Dual Modality: Mammogram and Ultrasound Feature Level Fusion for Characterization of Breast Mass
Minavathi,Dr. Murali. S.,,Dr. Dinesh M.S.
International Journal of Innovative Technology and Exploring Engineering , 2013,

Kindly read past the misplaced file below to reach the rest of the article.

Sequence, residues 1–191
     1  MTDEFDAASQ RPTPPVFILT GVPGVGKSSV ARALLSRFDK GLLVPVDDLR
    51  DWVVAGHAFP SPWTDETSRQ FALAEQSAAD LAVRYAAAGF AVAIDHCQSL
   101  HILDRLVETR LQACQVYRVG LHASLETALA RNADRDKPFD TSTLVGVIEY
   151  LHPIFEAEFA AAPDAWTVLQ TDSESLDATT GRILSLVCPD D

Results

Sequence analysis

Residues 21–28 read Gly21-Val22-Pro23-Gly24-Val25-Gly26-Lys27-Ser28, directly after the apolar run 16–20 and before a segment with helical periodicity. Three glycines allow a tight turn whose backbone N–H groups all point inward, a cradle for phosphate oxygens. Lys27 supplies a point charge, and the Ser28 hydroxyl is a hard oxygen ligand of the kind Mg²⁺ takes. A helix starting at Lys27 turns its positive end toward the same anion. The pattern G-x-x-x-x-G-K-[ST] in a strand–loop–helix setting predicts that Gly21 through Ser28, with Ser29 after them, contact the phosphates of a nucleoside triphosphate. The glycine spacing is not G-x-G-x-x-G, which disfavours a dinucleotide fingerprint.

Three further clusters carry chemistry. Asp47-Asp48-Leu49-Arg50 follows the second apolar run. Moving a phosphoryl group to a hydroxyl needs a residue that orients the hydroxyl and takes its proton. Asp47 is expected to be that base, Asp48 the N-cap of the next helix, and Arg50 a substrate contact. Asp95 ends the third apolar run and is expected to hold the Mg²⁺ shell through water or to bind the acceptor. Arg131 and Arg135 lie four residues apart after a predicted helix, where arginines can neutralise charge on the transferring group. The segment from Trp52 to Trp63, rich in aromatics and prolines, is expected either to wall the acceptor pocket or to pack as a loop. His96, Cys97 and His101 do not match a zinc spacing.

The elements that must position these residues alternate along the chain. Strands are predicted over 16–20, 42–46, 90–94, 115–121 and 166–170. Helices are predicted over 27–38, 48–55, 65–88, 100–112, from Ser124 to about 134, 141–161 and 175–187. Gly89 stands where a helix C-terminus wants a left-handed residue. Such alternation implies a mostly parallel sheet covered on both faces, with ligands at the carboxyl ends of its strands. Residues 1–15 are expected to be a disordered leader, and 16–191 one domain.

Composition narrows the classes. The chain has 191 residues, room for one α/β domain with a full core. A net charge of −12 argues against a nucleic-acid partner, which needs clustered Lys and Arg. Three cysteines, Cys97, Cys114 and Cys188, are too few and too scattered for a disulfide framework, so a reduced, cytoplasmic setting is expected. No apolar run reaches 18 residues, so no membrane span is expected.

Abstract: detection of abnormalities in breast is done in different phases using different modalities and different biomedical techniques. These techniques and modalities are able to furnish morphological, metabolic and functional information of breast. Integrating these information assists in clinical decision making. But it is difficult to retrieve all these information from single modality. Multimodal techniques supply complementary information for improved therapy planning. This work concentrates on early detection of breast cancer which characterises the breast mass as malignant or benign by investigating the features retrieved from dual modalities: mammograms and Ultrasound. Architectural distortion (AD) with Spiculated mass is an important finding for the early detection of breast cancer. Such distortions can be classified as spiculation, retraction, and distortion which can be detected in mammograms. Spiculated masses carry a much higher risk of malignancy than calcifications or other types of masses. The proposed approach is based on the fusion of two modalities at feature extraction level with Z-Score Normalization technique to improve the performance of dual modality. Gabor filters are used to retrieve texture features from region of interest (ROI) of mammograms. Shape and structural features are retrieved from ROI’s of Ultrasound. In addition to that some other discriminative features like denseness texture feature, standard deviation, entropy and homogeneity are also extracted from ROI’s of both modalities. Feature level fusion is then achieved by using a simple concatenation rule. Finally classification is done using Support vector machine (SVM) classifiers to classify breast mass as malignant or benign. Receiver operating characteristic curves (ROC) are used to evaluate the performance. SVM classifiers achieved 95.6% sensitivity in characterising the breast masses using the features retrieved from two modalities.